Page 19 - Campus Technology, May/June 2018
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21ST CENTURY CLASSROOM dian schaffhauser
10 Steps to Achieving Active Learning on a Budget
Active learning often means revamping classrooms to enable more collaborative, hands-on student work — and that can be costly. Here’s how to achieve the pedagogical change without the high expense.
ACTIVE LEARNING is a great way to increase student excitement and participation, facilitate different kinds of learning activities, help people develop skills in small group work, promote discussion, boost attendance and give an outlet for technology usage that stays on track. It also requires remaking classrooms to enable that hands-on, collaborative student work — and that can often mean a six-figure price tag. But at Saint Anselm College in Manchester, NH, a $12,000 experiment proved successful enough that the institution now sports two permanent active learning classrooms as well as a brand-new active learning lab. Here are the 10 steps this school with just under 2,000 students followed on its road to active learning victory.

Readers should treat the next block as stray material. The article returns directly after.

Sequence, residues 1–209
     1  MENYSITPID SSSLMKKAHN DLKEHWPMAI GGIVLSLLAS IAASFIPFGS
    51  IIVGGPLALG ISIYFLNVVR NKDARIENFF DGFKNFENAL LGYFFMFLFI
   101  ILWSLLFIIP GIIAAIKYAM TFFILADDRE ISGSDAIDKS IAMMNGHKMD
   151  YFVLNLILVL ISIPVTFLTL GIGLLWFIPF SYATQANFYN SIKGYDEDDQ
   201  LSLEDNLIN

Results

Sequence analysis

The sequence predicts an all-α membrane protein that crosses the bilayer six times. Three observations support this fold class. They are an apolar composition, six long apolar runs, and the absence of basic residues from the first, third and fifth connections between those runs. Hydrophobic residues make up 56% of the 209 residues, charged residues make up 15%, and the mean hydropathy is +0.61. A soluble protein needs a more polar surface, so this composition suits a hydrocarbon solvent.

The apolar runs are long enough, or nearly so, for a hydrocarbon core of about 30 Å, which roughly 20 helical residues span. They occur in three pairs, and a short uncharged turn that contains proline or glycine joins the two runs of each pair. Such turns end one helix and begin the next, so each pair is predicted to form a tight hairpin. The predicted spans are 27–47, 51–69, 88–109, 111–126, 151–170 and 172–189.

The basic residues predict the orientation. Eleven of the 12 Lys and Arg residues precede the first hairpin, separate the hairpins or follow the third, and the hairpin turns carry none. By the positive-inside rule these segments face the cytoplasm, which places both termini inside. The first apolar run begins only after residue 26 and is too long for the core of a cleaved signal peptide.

1) Let the Pedagogy Lead the Business Case
Saint Anselm’s journey began with discussions at its annual summer faculty institute, which examined new ways of teaching, flipped classes, project-based learning, active learning “and things of that nature,” reported Kim Round, head of Instructional Technology and Design (IT&D), a division of Information Technology. While many faculty
Mobile desks in one of Saint Anselm’s active learning classrooms can be joined in various puzzle-piece formats to facilitate a multitude of configurations.
Kimberlee Round, Saint Anselm College

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